The UK is going through this whole situation while suffering from the worst levels of poverty and inequality in north-west Europe; in-work poverty is at record levels this century. We really need to get a grip here and listen to our constituents’ problems. We need fundamental and radical measures to protect our constituents. Some have no idea how they are going to cope with the price rises hitting their doorsteps. We have heard about the differentials in energy transmission costs. Those need to be tackled, but when will they be? We need an equitable energy policy that works for all consumers, and I am really looking forward to hearing the Minister’s response.
It is a pleasure to serve under your chairmanship, Sir Edward. I start by congratulating my dear hon. Friend the Member for Caithness, Sutherland and Easter Ross (Jamie Stone) on bringing forward this important debate. I also commend the hon. Member for Newton Abbot (Anne Marie Morris), who this week has had the backbone to stand up for her constituents on the cost of living crisis, while the Prime Minister seems to have inadvertently misled himself as to whether or not he attended a party. That does rather stick in the throat and perhaps shows the priorities of this Government.
This issue really matters because it matters to millions. Like many, I have received emails from concerned constituents. One, Margaret, is desperately concerned. Some 3,000 people in Oxford West and Abingdon are already classed as being in fuel poverty, and she is concerned about how many more are going to succumb. She is right to be. Jessica, who lives literally 10 minutes down the road from Margaret, emailed me on the same day. She is already classed as being in fuel poverty. She is considered vulnerable by her energy supplier. She currently pays £85 a month for her energy and has been told that that is going to increase to £200 a month—she says that there is no way she can afford those kinds of prices. Dave, who is on £10 an hour, contacted me with a similar story and Jane, who is a pensioner, told me that when she looks at what she will have to pay, she knows that she simply does not have the money. I ask the Minister: what are these people meant to do?
I also welcome this debate and thank the hon. Member for Caithness, Sutherland and Easter Ross (Jamie Stone) for securing it. My constituency of Manchester, Gorton has long faced a fuel poverty crisis. In 2019, almost a quarter of families there were in fuel poverty; given current concerns about sky-rocketing fuel bills, the number will now undoubtedly be substantially higher. Does the hon. Member agree that this issue predates today’s cost of living crisis and that this Government have overseen a dramatic rise in fuel poverty without taking any of the action necessary to mitigate it?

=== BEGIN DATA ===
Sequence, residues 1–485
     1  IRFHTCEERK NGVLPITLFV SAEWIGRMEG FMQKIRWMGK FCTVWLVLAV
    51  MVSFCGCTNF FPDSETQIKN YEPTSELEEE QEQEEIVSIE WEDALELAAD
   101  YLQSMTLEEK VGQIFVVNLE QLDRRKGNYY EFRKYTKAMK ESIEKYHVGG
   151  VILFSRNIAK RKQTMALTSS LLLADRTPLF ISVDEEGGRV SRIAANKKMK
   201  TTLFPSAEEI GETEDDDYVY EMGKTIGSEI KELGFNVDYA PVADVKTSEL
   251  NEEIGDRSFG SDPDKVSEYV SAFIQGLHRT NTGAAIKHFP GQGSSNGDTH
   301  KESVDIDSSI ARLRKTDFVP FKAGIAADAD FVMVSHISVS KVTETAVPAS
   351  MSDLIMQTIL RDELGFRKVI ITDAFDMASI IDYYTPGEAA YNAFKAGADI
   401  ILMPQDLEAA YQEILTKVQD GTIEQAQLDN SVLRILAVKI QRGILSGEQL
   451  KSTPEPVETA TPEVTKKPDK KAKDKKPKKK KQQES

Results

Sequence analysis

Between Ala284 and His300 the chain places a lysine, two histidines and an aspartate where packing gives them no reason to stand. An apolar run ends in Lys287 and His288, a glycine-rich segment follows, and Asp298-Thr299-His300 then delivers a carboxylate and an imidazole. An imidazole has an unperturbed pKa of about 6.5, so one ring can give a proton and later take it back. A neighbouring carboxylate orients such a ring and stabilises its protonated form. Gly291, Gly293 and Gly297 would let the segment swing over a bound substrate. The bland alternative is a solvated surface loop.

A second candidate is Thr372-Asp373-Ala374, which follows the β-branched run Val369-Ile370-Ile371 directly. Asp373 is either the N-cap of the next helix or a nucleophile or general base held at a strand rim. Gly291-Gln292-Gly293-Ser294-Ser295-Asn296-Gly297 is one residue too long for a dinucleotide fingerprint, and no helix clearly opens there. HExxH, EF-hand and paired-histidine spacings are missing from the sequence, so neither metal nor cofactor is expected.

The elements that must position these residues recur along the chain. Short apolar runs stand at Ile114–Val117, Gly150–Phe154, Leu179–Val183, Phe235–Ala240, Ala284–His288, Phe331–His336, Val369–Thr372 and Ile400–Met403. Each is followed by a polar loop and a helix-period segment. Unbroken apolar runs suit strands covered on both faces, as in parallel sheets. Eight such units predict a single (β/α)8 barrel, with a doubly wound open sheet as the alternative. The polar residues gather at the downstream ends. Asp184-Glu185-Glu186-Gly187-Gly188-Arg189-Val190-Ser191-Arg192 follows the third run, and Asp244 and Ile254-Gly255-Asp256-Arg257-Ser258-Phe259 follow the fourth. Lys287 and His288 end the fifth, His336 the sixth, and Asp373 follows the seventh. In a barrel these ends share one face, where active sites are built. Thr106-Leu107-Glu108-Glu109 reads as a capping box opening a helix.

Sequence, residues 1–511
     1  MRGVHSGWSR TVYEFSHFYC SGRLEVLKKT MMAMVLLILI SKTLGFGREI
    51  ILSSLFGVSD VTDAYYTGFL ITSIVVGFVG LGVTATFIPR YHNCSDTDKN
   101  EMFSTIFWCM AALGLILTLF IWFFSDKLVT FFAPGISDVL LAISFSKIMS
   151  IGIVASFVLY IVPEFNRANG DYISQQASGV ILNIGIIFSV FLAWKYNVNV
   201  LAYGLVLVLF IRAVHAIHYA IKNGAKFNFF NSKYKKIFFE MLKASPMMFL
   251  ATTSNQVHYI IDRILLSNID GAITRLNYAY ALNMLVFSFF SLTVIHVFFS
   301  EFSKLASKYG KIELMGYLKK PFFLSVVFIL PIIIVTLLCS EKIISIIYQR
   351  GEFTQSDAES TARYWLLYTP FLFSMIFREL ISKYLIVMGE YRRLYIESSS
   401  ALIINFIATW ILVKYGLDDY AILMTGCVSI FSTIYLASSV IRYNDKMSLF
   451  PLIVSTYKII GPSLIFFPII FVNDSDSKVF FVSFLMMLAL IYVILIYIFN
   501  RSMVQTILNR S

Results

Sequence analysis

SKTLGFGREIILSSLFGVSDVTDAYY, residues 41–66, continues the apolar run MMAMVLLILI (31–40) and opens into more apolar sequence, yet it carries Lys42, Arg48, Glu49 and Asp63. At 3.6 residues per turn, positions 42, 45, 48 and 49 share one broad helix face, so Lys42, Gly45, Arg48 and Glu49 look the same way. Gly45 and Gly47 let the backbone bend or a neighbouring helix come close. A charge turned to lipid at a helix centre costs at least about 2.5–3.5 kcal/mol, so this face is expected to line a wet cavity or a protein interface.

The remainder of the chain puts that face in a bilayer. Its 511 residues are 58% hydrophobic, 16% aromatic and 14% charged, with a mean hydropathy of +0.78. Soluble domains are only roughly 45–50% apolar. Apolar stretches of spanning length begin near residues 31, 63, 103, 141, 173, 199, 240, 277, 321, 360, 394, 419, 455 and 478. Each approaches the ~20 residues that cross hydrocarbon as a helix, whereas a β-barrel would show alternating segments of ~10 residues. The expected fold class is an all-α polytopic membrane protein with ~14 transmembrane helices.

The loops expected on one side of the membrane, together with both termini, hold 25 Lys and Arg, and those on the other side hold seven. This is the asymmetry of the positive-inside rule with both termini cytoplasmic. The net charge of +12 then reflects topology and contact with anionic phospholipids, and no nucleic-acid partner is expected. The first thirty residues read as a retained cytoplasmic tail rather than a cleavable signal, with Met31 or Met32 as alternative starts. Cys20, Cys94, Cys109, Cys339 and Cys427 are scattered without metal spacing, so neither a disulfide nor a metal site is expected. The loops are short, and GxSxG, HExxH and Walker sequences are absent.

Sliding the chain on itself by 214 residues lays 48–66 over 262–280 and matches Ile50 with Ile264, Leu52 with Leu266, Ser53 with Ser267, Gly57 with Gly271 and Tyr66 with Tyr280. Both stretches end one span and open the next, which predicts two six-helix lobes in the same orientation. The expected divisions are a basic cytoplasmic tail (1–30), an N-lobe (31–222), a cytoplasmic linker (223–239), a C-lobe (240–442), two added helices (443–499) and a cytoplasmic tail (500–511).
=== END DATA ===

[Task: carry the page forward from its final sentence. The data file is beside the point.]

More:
I thank the hon. Gentleman for his intervention, and I absolutely agree. I am also deeply concerned that the problem will get worse over the next few weeks. We have only to read the emails or listen to the stories to be moved by them. Martin Lewis, who was mentioned earlier, dedicated an entire episode of his “Martin Lewis Money Show Live” to energy prices the other day. Afterwards, he tweeted that he was “near tears” after being unable to help a single mother, who had recently lost her partner, to afford her energy bills. He called on the Government to do more, and I agree with Martin.
The Minister will have heard many good suggestions today. My hon. Friend the Member for Caithness, Sutherland and Easter Ross mentioned cutting VAT on bills, a social tariff and an increase in the winter fuel allowance. Age UK has suggested a £50 one-off payment to those eligible for the cold weather payment and a doubling of household support. All those could work, and we have to ask the question: when are they going to come in? People are already hurting now.
There is also a secondary question, and a correct one: who is going to pay for it? Even more galling than all I have discussed is that after hearing all these stories of hardship and heartache, Gazprom announced a dividend of £179 million. Energy giants such as Gazprom are profiteering from the misfortunes of others. Frankly, the Government are complicit because they are letting them.
The hon. Lady mentions Gazprom and how the UK is in hock to such gas producers from outside the UK. If we cast our minds back, do we not see that a mistake of George Osborne’s penny-pinching, bean-counting style of five, six or seven years ago was his reluctance to use the climate change levy to invest in renewables to make us less dependent on energy from overseas and give us more renewable capacity, which could have been built here? For the sake of a few pennies, it was his argument—I disputed it at the time, when I was the Chair of the Energy and Climate Change Committee—that we should not do so. Now the customers of the UK are on the hook for hundreds and hundreds of pounds each and every year.
I could not agree more with the hon. Gentleman. It is for exactly that strategic reason that the Liberal Democrats are calling for a Robin Hood tax on the super-profits of oil and gas companies. This one-off levy would raise over £5 billion to support households in need of help. Surely that is the fairest way to help the worst off.
However, there is a wider geopolitical point. Gazprom, as we know, is owned by the Russian state, and Gazprom, at the behest of Putin, sent 25% less gas than before to Europe in the last year. We all know that Putin is playing politics with our energy prices, and that is making all of us and our constituents suffer. On one hand, the Government say they will not reward Russia for aggression; on the other hand, by doing nothing about the situation, they are allowing Putin to manipulate the energy market and he is being rewarded for it. We believe that instituting a Robin Hood tax would have many advantages, but one would be to send a powerful message to Putin in Moscow: “You cannot interfere with our energy market”.